An example of how value based agency compensation / output / pricing model works

There is much interest in value based compensation of which I have previously discussed the various components. But I was discussing the principles of the model with a CMO in London last week and found that by using a tangible example he was better able to understand the concept of a pricing matrix or strategy which is core to the output based component of the model.

Lets take a television commercial, because no matter what people say about digital, it seems that most brands with a high enough budget will invest here. (Obviously the numbers and details are illustrative only and do not represent any actual or real production.)

So the agency is asked to develop a brand or product television concept like the one above. Lets say the overall production budget is $2 million. Looking at the historical data, the agency was paid $500,000 in fees for the development of the concept. This included account management, strategy and creative time.

But this is a major brand or product activity with a plan to invest $10 mill in media over the coming 2 years. This gives the production to media cost a ratio of 4:1 or 25%. ($10 mill divided by the $2 mill production cost plus the $500,000 agency fee)

But if you were fixing the price or the value of the agency’s fee would it always be $500,000? What if the commercial was a short term tactical communication with only a $2 mill media budget and a $600,000 production budget to run on-air for just 6 weeks?

If it was based on the above media investment ratio then the agency fee would be $50,000 or if based on the production budget ratio the agency fee would be $150,000. This gives a production to media cost a ratio of between 32.5% and 37.5%.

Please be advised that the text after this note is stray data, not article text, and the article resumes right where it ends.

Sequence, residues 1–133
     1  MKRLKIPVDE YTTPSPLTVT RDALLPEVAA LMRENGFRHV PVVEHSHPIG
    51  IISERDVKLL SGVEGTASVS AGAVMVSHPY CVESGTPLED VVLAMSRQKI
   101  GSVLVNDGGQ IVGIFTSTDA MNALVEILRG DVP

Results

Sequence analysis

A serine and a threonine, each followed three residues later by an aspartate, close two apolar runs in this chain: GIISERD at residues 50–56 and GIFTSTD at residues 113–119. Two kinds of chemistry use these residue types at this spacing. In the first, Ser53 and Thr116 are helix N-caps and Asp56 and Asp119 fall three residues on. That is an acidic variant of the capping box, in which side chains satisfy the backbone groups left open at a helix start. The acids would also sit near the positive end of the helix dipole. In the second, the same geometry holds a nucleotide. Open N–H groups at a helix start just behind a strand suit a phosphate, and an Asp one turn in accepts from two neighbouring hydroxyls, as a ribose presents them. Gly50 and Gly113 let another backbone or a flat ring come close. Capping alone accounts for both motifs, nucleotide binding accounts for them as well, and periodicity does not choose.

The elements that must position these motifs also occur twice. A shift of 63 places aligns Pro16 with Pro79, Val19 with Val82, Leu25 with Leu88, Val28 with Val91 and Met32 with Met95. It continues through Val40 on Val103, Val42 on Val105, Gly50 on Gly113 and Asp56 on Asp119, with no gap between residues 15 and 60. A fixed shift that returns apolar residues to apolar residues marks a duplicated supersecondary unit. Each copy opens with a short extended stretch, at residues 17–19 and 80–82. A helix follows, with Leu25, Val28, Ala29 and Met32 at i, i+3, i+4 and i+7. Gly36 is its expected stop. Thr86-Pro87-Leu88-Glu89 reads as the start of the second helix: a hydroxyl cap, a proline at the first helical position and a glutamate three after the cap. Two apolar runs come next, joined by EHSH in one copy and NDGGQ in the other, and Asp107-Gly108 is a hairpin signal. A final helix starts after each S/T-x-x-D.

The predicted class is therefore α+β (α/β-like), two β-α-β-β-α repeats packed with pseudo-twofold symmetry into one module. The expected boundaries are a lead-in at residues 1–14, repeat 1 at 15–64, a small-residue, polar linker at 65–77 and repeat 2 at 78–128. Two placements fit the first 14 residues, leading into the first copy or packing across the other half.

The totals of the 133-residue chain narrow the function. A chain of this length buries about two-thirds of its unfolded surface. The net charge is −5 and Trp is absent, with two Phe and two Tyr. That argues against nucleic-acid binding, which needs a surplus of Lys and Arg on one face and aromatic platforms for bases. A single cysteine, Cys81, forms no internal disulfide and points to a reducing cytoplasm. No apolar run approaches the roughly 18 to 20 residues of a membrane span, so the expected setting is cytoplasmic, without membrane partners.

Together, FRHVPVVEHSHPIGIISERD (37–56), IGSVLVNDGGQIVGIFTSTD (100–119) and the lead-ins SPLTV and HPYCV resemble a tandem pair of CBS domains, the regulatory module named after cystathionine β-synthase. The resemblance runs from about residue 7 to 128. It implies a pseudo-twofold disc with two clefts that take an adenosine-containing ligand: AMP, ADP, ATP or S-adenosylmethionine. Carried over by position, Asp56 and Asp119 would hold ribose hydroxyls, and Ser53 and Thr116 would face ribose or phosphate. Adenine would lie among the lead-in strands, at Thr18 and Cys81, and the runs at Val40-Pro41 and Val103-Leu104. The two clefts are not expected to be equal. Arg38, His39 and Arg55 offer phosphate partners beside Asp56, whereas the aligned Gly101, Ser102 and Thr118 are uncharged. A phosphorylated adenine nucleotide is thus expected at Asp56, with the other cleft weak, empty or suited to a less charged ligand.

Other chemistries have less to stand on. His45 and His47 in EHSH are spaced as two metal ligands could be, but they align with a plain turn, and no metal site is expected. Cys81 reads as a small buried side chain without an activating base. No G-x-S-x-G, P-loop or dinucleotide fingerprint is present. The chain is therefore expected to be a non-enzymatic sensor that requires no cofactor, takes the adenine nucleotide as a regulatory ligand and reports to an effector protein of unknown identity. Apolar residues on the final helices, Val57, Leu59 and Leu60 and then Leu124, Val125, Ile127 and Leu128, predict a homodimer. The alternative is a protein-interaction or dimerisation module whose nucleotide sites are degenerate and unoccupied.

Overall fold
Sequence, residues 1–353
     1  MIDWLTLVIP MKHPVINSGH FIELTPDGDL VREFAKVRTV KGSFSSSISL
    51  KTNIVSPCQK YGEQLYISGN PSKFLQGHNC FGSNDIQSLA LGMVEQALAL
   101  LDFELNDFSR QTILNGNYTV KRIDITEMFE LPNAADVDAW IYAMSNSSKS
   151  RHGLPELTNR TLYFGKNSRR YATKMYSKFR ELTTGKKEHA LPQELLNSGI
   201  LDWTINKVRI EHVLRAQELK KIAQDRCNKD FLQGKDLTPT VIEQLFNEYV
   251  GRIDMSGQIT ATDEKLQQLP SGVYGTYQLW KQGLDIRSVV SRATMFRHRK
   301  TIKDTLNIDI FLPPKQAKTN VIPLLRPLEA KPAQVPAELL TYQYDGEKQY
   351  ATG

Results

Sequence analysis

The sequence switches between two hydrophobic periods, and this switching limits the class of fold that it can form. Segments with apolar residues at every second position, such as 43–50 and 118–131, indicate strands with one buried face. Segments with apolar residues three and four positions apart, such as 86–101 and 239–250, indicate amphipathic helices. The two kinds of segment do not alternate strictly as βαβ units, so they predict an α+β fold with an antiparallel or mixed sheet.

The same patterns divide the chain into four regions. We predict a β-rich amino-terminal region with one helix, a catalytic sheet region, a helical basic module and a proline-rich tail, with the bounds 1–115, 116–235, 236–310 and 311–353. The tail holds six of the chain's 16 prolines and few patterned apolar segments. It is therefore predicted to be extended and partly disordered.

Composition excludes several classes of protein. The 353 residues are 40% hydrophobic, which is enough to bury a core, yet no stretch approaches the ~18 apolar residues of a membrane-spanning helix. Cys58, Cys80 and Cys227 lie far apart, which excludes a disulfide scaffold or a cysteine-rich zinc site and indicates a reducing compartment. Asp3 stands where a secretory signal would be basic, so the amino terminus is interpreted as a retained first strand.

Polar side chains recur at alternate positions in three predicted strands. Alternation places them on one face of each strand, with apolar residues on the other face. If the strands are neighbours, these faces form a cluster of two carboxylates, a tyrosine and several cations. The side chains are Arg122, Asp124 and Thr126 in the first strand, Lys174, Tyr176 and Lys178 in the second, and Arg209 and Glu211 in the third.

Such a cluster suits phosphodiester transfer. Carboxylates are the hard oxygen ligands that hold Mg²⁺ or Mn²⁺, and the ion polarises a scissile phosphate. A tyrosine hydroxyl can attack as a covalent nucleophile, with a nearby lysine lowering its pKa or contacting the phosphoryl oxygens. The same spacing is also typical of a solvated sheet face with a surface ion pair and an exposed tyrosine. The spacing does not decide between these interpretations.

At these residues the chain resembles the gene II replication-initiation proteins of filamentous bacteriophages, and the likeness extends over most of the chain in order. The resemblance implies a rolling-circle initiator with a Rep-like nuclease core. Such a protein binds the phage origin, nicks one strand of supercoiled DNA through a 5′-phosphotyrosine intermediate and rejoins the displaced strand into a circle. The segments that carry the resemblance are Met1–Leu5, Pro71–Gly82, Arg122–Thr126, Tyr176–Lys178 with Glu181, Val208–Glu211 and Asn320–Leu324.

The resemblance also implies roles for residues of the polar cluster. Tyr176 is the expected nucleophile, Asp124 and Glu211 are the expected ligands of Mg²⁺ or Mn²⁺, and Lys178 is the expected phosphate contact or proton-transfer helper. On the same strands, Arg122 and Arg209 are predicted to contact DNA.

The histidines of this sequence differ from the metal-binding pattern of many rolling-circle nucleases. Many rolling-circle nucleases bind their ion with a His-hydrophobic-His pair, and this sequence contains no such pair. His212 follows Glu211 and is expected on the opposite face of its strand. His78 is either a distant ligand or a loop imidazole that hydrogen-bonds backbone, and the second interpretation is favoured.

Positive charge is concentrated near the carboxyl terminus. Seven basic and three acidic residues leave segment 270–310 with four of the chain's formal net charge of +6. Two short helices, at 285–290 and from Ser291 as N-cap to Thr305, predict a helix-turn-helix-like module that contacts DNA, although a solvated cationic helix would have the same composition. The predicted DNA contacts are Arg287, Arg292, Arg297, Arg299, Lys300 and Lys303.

This becomes a possible formula for setting the value or price for the agency’s services. But the agency will rightly point out that potentially their cost for developing an idea for a low budget idea and a high budget idea is the same. After all, how long does it take to come up with an idea?

And while that is true, paying the same fee for all television commercials makes cost-sense, but does it make value-sense? In fact the widely used cost-based system for remunerating ideas actually rewards the agency for taking as much time as possible.

Setting a price on the value of the outputs of the agency, depending on your level of investment, the strategic importance, the duration or geography etc sets an expectation for the agency and provides a clear indication of the expected or required level of investment from both parties.

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About Darren Woolley

Darren is called a Pitch Doctor, Negotiator, Problem Solver, Founder & Global CEO of TrinityP3 - Strategic Marketing Management Consultants and a founding member of the Marketing FIRST Forum. He is also an Ex-scientist, Ex-Creative Director and a father of three. And in his spare time he sleeps. Darren's Bio Here Email: darren@trinityp3.com
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2 Responses to An example of how value based agency compensation / output / pricing model works

  1. Martin says:

    Absolutely valid from a theoretical sense. But how many marketing companies would be happy to say yes to something that is produced within the time and is “good enough” for purpose, and likewise ECD’s. Practically this void is filled by going to media companies / the buchanan group stuff where there are no aspirations above the functional from either side….and tv is a lesser experience for all of us as a result!

    • TrinityP3 says:

      Martin, is it the fault of marketers that they are creating not only low cost, but low quality television, or is it the fault of their agency that they do not rise to the creative challenge of finding a high quality execution for the diminishing budget? Quality is not directly proportional to cost. There are great big ideas executed for a small budget. It just requires those involved to rethink their approach, don't you think?

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